iterateFileSystem(p, f, s);
    } else if (p.isFile() && p.getName().toLowerCase().endsWith(".jar")) {
      iterateJarFile(p, f, s);
    }
  }

  public static Set<URL> getResourceURLs() throws IOException, URISyntaxException {
    return getResourceURLs((ResourceURLFilter)null);
  }

  public static Set<URL> getResourceURLs(Class rootClass) 
  	throws IOException, URISyntaxException {
    return getResourceURLs(rootClass, (ResourceURLFilter)null);
  }

  public static Set<URL> getResourceURLs(ResourceURLFilter filter) 
  	throws IOException, URISyntaxException {
    Set<URL> collectedURLs = new HashSet<>();
    URLClassLoader ucl = (URLClassLoader)ClassLoader.getSystemClassLoader();
    for (URL url: ucl.getURLs()) {
      iterateEntry(new File(url.toURI()), filter, collectedURLs);
    }
    return collectedURLs;
  }

  public static Set<URL> getResourceURLs(Class rootClass, 
            ResourceURLFilter filter) throws IOException, URISyntaxException {
    Set<URL> collectedURLs = new HashSet<>();
    CodeSource src = rootClass.getProtectionDomain().getCodeSource();
    iterateEntry(new File(src.getLocation().toURI()), filter, collectedURLs);
    return collectedURLs;
  }
}

Using the Code

The Resources class can now scan the class path and report back with all available URLs, or those matching a specified filter. Please note however that class path scanning should be performed only when absolutely necessary, even if the project is deployed as a set of JAR files.

To scan the entire class path and return all its resources as URLs, simply invoke the getResourseURLs method:

for (URL u: Resources.getResourceURLs()) {
  System.out.println(u);
}

To scan the class path starting with the location from which a specific class was loaded, provide the getResourseURLs method with the root-class:

for (URL u: Resources.getResourceURLs(Resources.class)) {
  System.out.println(u);
}

Things get more interesting when you specify a ResourceURLFilter:

for (URL u: Resources.getResourceURLs(Resources.class, new ResourceURLFilter() {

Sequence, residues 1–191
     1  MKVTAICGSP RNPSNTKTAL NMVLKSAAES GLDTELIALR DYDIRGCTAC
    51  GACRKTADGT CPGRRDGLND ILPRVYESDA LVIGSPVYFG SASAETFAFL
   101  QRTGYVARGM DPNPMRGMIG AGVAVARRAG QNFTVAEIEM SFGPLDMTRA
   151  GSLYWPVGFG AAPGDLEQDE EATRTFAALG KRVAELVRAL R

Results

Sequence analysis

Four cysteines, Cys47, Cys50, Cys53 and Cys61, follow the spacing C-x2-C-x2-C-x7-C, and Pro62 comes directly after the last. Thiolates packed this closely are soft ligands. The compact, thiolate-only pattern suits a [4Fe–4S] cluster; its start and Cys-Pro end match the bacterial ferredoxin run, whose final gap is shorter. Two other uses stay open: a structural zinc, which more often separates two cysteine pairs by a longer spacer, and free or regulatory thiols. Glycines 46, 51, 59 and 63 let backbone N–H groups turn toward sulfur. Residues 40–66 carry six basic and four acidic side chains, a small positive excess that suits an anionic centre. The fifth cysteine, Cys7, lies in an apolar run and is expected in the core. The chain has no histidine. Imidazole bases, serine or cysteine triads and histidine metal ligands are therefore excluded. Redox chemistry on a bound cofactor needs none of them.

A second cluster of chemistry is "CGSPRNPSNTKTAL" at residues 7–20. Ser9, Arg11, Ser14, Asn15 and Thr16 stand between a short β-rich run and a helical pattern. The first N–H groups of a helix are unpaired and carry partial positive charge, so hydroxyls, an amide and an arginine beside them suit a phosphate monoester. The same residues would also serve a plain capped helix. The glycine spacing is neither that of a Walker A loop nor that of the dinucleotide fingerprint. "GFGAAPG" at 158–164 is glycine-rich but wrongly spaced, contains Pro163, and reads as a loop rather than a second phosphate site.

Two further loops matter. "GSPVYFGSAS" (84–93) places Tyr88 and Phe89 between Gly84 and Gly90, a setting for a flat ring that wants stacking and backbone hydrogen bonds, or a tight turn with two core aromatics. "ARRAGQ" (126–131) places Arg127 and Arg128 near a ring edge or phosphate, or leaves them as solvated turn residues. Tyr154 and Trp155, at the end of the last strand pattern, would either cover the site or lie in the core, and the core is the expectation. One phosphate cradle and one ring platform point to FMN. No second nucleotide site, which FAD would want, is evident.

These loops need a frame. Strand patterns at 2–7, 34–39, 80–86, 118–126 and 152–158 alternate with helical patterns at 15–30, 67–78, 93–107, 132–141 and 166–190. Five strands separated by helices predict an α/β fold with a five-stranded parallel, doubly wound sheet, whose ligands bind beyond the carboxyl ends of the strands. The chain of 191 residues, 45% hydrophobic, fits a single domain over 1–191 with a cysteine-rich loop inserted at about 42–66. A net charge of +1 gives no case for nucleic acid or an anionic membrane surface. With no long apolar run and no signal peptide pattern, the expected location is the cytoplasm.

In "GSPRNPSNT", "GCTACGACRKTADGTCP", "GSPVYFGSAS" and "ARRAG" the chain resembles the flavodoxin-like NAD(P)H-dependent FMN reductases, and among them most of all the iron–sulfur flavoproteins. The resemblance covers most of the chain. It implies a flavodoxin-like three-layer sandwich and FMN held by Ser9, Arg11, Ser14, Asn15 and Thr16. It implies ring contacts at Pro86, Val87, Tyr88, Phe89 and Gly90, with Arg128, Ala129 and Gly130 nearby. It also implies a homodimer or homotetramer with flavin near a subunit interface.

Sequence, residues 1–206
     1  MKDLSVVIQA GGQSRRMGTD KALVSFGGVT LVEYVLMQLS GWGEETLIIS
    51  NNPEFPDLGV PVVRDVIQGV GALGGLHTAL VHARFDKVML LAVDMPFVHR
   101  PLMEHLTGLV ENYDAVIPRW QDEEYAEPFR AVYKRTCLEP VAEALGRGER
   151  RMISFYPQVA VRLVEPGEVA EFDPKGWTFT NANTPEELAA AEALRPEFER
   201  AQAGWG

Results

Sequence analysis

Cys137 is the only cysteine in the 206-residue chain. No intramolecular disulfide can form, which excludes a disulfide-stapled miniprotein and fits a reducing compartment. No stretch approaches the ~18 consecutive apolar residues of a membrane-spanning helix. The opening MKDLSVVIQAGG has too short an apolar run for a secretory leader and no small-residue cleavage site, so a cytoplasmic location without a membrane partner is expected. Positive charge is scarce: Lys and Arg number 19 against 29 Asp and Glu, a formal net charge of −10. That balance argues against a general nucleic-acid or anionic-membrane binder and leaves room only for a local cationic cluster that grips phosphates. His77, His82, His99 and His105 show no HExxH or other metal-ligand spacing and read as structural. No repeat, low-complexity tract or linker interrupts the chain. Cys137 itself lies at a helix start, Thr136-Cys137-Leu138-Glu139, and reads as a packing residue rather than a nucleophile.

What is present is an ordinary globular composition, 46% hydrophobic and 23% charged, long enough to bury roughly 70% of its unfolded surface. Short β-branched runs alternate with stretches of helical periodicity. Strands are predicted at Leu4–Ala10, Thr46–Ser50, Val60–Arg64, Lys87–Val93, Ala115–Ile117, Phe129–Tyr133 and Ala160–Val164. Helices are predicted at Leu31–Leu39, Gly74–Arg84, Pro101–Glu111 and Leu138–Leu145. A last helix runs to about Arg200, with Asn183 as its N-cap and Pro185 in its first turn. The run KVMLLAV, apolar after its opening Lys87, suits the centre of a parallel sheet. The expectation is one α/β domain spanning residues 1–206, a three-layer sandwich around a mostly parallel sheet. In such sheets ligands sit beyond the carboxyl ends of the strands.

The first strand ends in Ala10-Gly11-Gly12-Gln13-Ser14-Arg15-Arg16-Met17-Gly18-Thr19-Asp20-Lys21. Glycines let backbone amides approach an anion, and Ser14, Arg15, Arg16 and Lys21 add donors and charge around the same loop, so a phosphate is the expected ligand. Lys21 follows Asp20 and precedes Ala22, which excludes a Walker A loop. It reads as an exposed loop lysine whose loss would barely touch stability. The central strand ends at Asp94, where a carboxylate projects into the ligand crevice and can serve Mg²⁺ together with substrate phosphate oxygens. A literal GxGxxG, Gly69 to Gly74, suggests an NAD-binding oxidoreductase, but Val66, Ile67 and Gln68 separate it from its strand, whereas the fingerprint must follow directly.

public @Override boolean accept(URL u) {
    String s = u.getFile();
    return s.endsWith(".class") && !s.contains("$");
  }
})) {
  System.out.println(u);
}

Things to Consider

  • Since the cost of scanning the entire class path — something that can happen even if you do restrict the scan with a root class and a filter — can be expensive, it is advisable to use this code only when required.
  • Specifying a root-class to scan from will effectively limit the scan to the JAR file the root-class was loaded from, if and only if, the project actually is deployed as a set of individual JARs. This also means a scan may not find resources if they are not located together with the root-class!
  • Although it is impossible to limit the scan to the package of the root-class, it is possible to filter the URLs based on the package of the root-class.
  • The code could be extended to support multiple filters, each with its own set of results, but I will currently leave this as an exercise for the reader.
  • Currently I am not sure how this code will operate inside Application/Web Servers so I may further update the code if needed.

History

  • 19/12/2012 — Article created

License

This article, along with any associated source code and files, is licensed under The Code Project Open License (CPOL)

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About the Author

Doron Barak
Web Developer
Canada Canada
No Biography provided

Comments and Discussions

 
Questionuseful solution PinmemberLotharLanger5-Dec-13 21:58 
AnswerRe: useful solution [modified] PinmemberDoron Barak10-Dec-13 12:55 
Questionuseful solution PinmemberLotharLanger5-Dec-13 21:20 
AnswerRe: useful solution PinmemberDoron Barak10-Dec-13 12:54